Fighting the Plastic Menace with Mutant Enzymes

Mutant Enzymes

In a major boost to the fight against plastics, scientists have engineered a mutant bacterial enzyme that can break down plastic, especially bottles, within a matter of few hours to their initial chemical building blocks. Originally discovered in a compost heap, the improved enzyme was unveiled in the journal Nature. Moreover, the reduced material is good enough to be recycled into high-quality new bottles.

The research team comprised of scientists from France-based “green chemistry” company Carbios and the Université de Toulouse. The team discovered that the improved enzyme breaks down 90 per cent of plastic bottles within 10 hours — a significant increase from the initial enzyme degradation of just one per cent after several weeks. “This highly efficient, optimized enzyme outperforms all PET hydrolases reported so far,” the researchers stated.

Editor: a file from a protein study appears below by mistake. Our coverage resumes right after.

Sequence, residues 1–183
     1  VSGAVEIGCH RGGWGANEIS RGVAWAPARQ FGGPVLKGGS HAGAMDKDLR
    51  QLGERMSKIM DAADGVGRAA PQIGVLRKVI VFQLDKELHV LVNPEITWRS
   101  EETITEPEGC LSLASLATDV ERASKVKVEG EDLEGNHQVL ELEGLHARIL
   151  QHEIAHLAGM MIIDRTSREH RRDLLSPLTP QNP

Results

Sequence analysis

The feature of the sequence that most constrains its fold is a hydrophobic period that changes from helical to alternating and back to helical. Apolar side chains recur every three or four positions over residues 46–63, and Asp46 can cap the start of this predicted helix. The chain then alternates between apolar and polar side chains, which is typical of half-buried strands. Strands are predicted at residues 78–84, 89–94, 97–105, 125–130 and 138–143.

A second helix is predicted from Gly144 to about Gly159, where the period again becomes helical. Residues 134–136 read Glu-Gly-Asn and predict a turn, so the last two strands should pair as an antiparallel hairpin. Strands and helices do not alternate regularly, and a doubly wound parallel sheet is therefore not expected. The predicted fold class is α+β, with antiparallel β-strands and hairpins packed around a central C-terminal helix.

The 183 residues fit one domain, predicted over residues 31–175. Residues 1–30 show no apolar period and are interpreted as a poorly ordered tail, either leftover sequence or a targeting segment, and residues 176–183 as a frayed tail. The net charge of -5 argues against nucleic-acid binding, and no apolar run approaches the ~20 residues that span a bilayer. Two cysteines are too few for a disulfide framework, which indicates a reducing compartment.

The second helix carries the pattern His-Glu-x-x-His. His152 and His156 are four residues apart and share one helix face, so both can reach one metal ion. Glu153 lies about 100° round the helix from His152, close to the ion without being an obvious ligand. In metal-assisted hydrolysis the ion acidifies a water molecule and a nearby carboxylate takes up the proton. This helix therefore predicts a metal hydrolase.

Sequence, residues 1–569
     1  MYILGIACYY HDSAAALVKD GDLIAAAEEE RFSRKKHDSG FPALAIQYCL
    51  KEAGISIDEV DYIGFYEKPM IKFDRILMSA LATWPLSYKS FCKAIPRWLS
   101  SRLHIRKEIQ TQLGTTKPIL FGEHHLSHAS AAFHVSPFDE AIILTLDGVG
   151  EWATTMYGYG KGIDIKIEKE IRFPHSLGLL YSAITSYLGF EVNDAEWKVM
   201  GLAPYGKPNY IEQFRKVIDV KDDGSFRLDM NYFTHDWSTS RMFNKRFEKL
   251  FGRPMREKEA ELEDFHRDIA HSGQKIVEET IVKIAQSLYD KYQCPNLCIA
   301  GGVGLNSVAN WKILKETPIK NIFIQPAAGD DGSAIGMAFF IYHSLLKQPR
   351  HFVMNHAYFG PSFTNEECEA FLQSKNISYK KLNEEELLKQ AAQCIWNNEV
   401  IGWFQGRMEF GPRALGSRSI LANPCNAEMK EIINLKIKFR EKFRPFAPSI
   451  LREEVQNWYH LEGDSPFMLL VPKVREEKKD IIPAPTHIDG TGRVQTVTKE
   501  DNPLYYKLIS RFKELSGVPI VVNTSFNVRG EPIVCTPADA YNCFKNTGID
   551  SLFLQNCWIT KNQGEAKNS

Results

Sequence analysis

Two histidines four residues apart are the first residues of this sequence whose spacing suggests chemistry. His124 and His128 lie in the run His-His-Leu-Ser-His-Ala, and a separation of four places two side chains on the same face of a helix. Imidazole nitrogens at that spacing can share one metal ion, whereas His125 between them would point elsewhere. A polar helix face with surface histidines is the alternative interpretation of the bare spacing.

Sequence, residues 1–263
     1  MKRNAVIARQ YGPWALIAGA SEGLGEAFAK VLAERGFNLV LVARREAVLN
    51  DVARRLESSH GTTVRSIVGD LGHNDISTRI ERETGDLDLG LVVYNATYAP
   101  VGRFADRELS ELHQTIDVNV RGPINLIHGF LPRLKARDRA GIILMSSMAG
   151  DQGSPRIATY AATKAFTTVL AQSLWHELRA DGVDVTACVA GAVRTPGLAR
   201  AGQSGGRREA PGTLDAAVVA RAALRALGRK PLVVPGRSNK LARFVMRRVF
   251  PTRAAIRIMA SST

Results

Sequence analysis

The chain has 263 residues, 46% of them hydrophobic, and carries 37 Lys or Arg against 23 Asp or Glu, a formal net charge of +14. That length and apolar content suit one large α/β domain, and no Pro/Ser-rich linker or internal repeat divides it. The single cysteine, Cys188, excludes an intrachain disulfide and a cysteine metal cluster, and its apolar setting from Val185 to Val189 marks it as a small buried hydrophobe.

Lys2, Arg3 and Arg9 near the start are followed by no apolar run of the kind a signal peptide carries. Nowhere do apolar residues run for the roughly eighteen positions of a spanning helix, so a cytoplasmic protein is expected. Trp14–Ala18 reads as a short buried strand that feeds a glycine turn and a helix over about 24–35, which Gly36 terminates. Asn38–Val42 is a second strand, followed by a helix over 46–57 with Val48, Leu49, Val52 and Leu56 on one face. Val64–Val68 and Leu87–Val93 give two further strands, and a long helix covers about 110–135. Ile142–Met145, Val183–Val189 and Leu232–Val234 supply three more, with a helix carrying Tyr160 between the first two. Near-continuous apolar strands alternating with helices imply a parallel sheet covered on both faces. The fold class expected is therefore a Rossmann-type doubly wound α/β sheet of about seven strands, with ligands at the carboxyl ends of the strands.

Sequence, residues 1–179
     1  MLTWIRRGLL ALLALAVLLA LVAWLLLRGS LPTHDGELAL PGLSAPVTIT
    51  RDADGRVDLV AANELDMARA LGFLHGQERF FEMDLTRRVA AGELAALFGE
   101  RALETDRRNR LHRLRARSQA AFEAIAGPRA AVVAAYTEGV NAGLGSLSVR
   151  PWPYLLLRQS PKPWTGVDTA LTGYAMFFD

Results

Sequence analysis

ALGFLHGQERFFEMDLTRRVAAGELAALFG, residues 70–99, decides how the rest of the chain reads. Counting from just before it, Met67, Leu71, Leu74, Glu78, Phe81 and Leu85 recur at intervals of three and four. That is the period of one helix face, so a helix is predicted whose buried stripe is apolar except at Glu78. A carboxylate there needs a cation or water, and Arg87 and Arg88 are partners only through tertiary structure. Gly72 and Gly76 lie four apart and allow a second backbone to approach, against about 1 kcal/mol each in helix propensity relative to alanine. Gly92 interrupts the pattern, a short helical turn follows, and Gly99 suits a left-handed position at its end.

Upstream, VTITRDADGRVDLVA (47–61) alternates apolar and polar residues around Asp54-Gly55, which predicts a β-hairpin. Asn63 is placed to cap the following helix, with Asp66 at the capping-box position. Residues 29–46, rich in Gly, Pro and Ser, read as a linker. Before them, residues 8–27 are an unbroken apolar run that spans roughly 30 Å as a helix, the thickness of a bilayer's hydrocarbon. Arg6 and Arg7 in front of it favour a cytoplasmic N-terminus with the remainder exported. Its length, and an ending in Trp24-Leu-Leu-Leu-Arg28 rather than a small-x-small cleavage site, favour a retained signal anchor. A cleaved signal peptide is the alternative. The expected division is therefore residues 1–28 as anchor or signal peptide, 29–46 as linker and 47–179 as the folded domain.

Carbios is already collaborating with Pepsi and L’Oréal to unleash industrial market-scale production of the new substance within five years.“We are the first company to bring this technology on the market,” said the deputy chief executive at Carbios, Martin Stephan. “Our goal is to be up and running by 2024–2025, at a large industrial scale.”
According to the United Nations, as much as 300 million tonnes of plastic waste is created every year, as of 2018. The discovery fuels fresh hopes for efficient plastic pollution control.

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